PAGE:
Keeping talent is key. At Hunton & Williams, Davis took advantage of a program providing attorneys flexibility for life’s milestones and surprises—a baby in Davis’s case. In 2008, she went part-time for a year. Judith Itkin, the firm’s partner overseeing recruiting and development, says Hunton & Williams is open to such flexibility because “losing 40 to 60 percent of your associates within three or four years is not a great model in this economy.”
Meanwhile, San Francisco-based Orrick, Herrington & Sutcliffe hires “career” associates for nonpartnership-track positions typically paid $65,000 to $85,000. The program has swelled at the 1,000-plus attorney firm, from less than 5 to nearly 50 in three years. “The practice of law is changing fundamentally,” says Orrick Chairman and CEO Ralph Baxter.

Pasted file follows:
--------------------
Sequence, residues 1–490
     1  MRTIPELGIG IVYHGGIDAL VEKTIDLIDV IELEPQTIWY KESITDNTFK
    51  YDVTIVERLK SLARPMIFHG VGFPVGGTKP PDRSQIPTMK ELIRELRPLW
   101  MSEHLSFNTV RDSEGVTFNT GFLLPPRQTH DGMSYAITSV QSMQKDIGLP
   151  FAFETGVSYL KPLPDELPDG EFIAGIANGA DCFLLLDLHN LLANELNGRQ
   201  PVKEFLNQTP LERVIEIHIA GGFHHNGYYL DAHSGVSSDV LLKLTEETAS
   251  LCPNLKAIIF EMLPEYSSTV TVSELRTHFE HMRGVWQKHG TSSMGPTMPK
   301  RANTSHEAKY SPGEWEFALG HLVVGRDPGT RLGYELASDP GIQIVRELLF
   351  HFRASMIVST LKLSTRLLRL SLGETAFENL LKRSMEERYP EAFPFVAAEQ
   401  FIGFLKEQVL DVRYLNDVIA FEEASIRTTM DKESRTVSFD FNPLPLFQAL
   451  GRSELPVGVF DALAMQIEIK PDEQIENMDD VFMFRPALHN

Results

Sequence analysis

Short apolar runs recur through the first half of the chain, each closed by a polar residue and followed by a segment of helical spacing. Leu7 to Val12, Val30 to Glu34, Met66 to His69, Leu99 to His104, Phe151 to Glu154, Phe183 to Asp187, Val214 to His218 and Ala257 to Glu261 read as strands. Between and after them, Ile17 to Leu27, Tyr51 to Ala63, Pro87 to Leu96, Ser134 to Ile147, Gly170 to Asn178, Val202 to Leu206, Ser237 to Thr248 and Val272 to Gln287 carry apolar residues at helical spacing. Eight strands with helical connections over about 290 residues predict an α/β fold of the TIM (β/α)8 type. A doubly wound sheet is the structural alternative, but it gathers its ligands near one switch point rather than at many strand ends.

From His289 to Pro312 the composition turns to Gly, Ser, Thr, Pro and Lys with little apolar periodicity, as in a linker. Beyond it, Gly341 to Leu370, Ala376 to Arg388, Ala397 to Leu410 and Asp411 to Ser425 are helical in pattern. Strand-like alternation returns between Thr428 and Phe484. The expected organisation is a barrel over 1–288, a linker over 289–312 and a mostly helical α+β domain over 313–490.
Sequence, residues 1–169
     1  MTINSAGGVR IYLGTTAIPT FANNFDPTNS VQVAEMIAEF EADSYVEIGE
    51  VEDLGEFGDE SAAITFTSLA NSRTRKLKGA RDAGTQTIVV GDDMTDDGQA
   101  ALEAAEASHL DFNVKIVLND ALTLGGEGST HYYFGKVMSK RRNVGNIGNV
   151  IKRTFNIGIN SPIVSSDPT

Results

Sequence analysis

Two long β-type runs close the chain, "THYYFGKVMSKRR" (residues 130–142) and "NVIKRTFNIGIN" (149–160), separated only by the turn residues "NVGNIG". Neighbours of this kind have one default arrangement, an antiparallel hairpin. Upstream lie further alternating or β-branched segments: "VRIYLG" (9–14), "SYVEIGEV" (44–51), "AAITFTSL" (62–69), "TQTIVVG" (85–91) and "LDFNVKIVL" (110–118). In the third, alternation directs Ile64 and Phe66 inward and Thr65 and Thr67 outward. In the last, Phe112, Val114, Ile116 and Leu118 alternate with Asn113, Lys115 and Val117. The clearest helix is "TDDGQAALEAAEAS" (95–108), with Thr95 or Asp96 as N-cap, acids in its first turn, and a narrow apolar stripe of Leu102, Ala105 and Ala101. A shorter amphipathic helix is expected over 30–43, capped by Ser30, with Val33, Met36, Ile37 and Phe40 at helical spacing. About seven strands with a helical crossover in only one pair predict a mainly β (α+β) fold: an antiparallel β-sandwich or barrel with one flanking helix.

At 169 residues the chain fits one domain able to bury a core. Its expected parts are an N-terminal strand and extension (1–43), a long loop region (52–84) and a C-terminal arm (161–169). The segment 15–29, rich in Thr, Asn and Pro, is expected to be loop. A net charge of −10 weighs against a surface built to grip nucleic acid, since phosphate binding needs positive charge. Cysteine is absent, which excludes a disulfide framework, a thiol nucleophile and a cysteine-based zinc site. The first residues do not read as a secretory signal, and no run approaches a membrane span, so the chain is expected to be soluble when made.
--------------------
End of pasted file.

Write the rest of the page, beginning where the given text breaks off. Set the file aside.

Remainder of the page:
Whether such models can sustain new law school students, who face total tuitions in the $150,000 range, is unclear. “People ought to think very hard whether a legal career is for them,” says Wilkins. For those determined to pursue one, Wilkins suggests learning how law firm economics work and focusing on the intersection of “law, business, and public policy.” Davis adds: “Develop your skills early on. Ask and take advantage of resources. It’s a lot of work being an associate other than being an associate.”